Ministry Resources

Lesser Known People of the Bible

Jim Cole-Rous researched background information on Lesser Known Bible People beginning in 2008. Jim trained at the South African Bible Institute. He publishes his studies researched, in Theology, World History, and the writings of the early Church Fathers. Jim is reading for his Master of Arts, at the Global University, School of Graduate Theology.

The Horrible Herods

Many have read of Herod in the Bible, few are clear who we are reading about.

The truth of the matter is that the Herod, in one Bible reference, may not be the same person in another. The family has an incredibly long history.

The Herodians were not of pure Jewish stock.

Herod Antipas I. ? – 78 BC

Herod Antipas 1st was a descendant of Esau (or Edom), also known as an Idumean, who married Cypros, an Arabian, a lady of noble descent. Herod Antipas 1st was appointed governor of Edom by Alexander Janneus and he held this position until his death in 78 BC.

Herod Antipater ? – 43BC

Herod Antipater succeeded his father in 78 BC and was given the Procurator ship of Judea by the Roman Caesar in 47 BC. He was assassinated in 43 BC, and left four sons and a daughter. The names of his children were Phasael, Herod (the Great), Joseph, Pheroras, and Salome.

Herod the Great. (Circa) 67 BC–2 BC

The first Herod in the Bible.

Herod was a young man of about 20 years of age, possibly as old as 25, when he assumed his career with the appointment to be governor of Galilee. We are told by Josephus that “he continued his life to a very old age.” In 41 BC Mark Antony appointed him tetrarch of Judea and in 37 BC he obtained the crown of Judea as a king under Caesar Augustus of Rome.

His first marriage was to Mariannme the granddaughter of John Hyrcanus, who had been the high priest of the Jews and first leader of the Maccabee rebellion. Herod was afraid to leave any remnant of that dynasty alive at his death that might endanger his successors, so he had her executed in 28 BC together with her mother Alexandra, and just before he died, he arranged the execution of two of his sons by her, Alexander and Aristobulus in late 2 BC a week before his own demise.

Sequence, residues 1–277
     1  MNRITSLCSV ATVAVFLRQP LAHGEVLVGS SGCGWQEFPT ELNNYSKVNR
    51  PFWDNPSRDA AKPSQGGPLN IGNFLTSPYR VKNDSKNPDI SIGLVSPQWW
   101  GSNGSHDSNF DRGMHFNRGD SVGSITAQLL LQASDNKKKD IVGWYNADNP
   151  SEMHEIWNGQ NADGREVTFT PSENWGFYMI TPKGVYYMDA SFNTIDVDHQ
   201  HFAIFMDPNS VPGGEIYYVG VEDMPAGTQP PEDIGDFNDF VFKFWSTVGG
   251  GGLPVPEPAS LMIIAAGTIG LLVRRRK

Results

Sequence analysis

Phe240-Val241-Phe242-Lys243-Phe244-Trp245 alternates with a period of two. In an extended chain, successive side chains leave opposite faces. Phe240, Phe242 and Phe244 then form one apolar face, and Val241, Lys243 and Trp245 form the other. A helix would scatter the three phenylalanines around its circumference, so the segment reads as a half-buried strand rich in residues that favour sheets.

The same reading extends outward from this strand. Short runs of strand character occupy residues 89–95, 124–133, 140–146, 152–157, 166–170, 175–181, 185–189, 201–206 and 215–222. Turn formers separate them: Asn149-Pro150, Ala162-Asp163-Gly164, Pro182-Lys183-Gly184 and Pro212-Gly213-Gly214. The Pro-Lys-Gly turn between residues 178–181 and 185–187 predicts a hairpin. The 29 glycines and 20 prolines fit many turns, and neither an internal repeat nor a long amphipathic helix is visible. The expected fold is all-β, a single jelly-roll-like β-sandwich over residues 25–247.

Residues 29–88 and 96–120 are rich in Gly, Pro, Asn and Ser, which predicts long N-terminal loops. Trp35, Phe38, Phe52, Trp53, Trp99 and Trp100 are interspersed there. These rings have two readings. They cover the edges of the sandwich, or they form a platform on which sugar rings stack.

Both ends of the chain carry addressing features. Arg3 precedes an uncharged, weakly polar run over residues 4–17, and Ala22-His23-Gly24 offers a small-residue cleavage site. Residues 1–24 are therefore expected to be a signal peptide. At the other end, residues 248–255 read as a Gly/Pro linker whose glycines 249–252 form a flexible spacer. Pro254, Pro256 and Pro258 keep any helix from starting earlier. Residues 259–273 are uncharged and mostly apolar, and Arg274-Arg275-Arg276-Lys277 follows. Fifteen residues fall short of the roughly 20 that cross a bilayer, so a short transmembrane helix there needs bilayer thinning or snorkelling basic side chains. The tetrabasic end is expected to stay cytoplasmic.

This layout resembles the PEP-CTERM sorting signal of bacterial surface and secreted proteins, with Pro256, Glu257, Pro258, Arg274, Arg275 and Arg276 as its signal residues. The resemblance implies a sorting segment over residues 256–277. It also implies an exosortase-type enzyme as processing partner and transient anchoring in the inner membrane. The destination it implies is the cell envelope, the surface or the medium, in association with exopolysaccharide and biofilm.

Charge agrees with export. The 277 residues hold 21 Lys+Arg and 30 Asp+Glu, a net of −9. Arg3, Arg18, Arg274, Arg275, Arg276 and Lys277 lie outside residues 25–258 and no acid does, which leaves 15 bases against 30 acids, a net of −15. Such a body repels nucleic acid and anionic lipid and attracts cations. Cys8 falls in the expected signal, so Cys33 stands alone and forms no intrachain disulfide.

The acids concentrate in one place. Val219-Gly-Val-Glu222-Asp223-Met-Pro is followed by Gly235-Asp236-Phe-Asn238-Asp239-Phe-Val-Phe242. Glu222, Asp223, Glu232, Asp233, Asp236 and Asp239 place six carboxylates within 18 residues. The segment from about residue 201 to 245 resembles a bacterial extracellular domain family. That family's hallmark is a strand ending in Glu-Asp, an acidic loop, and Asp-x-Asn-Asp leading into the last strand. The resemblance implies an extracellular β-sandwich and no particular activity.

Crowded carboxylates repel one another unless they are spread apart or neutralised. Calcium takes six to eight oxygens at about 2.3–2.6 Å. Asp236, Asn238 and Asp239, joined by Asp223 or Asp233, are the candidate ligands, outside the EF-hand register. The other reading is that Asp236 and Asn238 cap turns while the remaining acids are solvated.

His final days were full of conspiracies, and efforts by his sons, to usurp his throne, and he suffered an incurable loathsome disease of the bowels, which stank, and debilitated him to the point of attempting suicide.

In the last weeks of his life the wise men from the East came to him, seeking the newborn King of the Jews.

He invited these wise men to come back and tell him when they had found the newborn baby; but when they did not return within the week he issued the order for the slaughter of all the newborn children in Bethlehem of two years and under.

He died in the 37th year of his reign. A total Eclipse of the moon occurred in that same month which dated his death to late 2 BC by our calendar. The journey of the wise men took about 90 days, and we know that Mary remained in Bethlehem for at least 40 days after Jesus birth to fulfill the purification rites for a first born male child. The late December celebration of Jesus birth is based on the arrival of the Magi from Persia.

When Caesar Augustus heard of Herod ordering the murder of his own sons, days before he died, Caesar remarked, “It would be better to be one of Herod’s swine than Herod’s son”. In the Greek language a pun was intended using similar sounding terms for son and swine, ‘hus’, and ‘huios’. The insinuation was that Herod being a professed Jew, his pigs were safe from slaughter, but his sons were not.

Herod Archelaus 4 BC–AD 9

Archelaus was the elder son of Herod the Great and Malthace the Samaritan; he was therefore one half Idumean and one half Samaritan, so he had no Jewish blood in him. Under Herod the Great’s will most of the estates were given to him, together with the title of Ethnarch.

His younger brother Antipas II contested the will in Rome. While this was going on there was a time of uncertainty back in Judea, and Archelaus forcibly repressed a rebellion and ordered his soldiers to attack the people. An estimated 3000 people were killed in this uprising, but the Romans supported him at that time. His harsh government and fiery temper earned him the hatred of his people who formally complained to Rome. He is mentioned only in Matthew 2:22. His reign lasted about nine years circa 2 BC to 9 AD when Archelaus was finally removed from his position of government, all his possessions were confiscated and he was banished to Vienna in Gaul for the rest of his life.